Adansonia digitata L.
|Dimensions in meters||10-25 m|
|Maturity of tree before yields||25–60 years|
|Productivity lifetime||1000+ years|
|Seasonality||Fruits are harvested during the dry season, which varies depending on latitude.|
|Production zones and cultivation methods||Grows mainly in bush and woodland areas, both coastal and inland. The fruit takes about half a year to ripen. During this time, the fruit pulp dries naturally and, once ripe, they fall to the ground where they are collected and processed.|
Per 100 g edible portion (EP)
|Baobab is a superfruit that contains as much as 6x more vitamin C than oranges and twice as much calcium as milk. It also contains high amounts of key minerals including potassium, calcium and iron.|
|Energy (kcal)||327 kcal|
|% Daily Value (DV) *|
|Macronutrients||Carbohydrates: 75 g||27 %|
|Proteins: 2.4 g||5 %|
|Fats: 0.5 g||1 %|
|Key Minerals||Potassium: 1,730 mg||37 %|
|Calcium: 275 mg||21 %|
|Magnesium: 232 mg||55 %|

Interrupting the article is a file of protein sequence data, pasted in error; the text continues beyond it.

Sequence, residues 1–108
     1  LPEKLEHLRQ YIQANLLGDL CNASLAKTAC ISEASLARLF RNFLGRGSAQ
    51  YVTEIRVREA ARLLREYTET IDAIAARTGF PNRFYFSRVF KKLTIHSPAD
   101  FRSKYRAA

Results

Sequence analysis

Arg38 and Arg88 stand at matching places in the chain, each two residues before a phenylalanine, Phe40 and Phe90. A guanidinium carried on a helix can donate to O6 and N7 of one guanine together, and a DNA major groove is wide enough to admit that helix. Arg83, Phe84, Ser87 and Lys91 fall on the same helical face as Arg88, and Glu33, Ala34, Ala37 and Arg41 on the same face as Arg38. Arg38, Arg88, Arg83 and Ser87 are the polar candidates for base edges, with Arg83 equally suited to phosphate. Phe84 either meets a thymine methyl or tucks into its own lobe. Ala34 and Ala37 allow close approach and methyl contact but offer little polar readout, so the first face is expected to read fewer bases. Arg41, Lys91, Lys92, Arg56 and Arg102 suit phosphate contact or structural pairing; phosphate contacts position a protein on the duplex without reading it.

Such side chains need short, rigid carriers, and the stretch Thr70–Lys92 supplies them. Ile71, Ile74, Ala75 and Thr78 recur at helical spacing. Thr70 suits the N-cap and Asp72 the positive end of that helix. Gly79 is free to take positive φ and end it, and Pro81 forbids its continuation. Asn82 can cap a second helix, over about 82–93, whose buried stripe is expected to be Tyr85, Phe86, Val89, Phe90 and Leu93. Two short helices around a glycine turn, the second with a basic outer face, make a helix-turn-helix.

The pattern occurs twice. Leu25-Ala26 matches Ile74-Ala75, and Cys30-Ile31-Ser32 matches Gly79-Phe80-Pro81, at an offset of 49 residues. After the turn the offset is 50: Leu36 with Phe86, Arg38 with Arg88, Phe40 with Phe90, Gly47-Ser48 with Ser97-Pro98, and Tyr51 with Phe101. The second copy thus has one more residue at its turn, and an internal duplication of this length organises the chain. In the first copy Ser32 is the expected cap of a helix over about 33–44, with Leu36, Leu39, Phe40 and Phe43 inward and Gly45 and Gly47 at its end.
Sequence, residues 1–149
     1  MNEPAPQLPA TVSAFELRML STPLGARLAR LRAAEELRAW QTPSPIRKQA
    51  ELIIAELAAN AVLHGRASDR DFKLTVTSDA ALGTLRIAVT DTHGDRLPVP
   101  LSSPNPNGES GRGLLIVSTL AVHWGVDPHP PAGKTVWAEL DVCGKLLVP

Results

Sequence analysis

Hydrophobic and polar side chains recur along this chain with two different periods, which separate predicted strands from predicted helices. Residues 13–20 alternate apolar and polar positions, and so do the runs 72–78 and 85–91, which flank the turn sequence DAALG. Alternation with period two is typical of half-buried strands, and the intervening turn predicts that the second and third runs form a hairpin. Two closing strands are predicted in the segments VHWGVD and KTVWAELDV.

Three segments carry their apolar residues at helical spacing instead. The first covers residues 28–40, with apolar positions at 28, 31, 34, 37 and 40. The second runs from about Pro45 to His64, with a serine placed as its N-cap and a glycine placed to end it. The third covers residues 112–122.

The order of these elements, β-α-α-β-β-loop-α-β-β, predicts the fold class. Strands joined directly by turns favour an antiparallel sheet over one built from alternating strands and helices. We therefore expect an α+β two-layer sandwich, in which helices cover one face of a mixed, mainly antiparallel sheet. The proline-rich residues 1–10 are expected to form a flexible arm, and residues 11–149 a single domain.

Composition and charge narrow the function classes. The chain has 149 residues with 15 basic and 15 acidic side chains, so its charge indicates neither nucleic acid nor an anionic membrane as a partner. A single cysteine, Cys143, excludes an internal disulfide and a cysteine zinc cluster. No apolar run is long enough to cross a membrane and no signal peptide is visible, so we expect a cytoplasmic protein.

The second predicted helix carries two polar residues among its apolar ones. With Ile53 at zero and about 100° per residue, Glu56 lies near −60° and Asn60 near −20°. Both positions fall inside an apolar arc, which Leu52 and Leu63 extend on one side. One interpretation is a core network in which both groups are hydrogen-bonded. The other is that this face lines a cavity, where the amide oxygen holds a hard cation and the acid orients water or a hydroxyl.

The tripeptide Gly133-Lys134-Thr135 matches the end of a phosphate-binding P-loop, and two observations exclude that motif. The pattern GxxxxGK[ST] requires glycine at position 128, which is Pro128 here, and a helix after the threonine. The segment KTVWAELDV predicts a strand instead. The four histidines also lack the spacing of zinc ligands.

|Iron: 6.1 mg||35 %|
|Key Vitamins||Ascorbic acid (Vitamin C): 269 mg||29%|
|Thiamine (Vitamin B1): 1.2 mg||26 %|
|Folate (Vitamin B9): 1.5 mg||13 %|
|*All Daily Recommended Values are calculated using the US Food and Drug Administration (FDA)’s recommendation guide.|
Found in semi-arid and sub-humid zones of sub-Saharan Africa, including countries in western Africa (Senegal, Mali, Niger, Benin), southern Africa (Namibia, South Africa, Mozambique, Zambia, Malawi, Madagascar) and eastern Africa (Sudan, Ethiopia, Kenya, Tanzania).
Anjarwalla P, Ofori D, Owino A, Matuku D, Mwangi E, Adika W, Njogu K, Kehlenbeck K. (2016). Testing different grafting methods for vegetative propagation of baobab (Adansonia digitata L.) in Kenya to assist its domestication and promote cultivation. Forests, Trees and Livelihoods 26:85–95.
Chadare FJ, Linnemann AR, Hounhouigan JD, Nout MJ, Van Boekel MA. (2009). Baobab food products: a review on their composition and nutritional value. Critical Reviews in Food Science and Nutrition 49(3):254–274.
Gebauer, J., Adam, Y.O., Sanchez, A.C. et al. Africa’s wooden elephant: the baobab tree (Adansonia digitata L.) in Sudan and Kenya: a review. Genet Resour Crop Evol 63, 377–399 (2016). https://doi.org/10.1007/s10722-015-0360-1
McMullin, S., and Kehlenbeckm K. (2015). The untapped potential of Baobab: Indigenous fruit trees could improve nutrition and livelihoods, especially in rural areas. Miti Magazine https://issuu.com/mitimagazine/docs/miti_26__low_res
Stadlmayr, B. C., Charrondiere, R., Eisenwagen, S., Jamnadass, R., & Kehlenbeck, K. (2013).Nutrient composition of selected indigenous fruits from sub Saharan Africa. Journal of the Science of Food and Agriculture, 93(11), 2627–2636.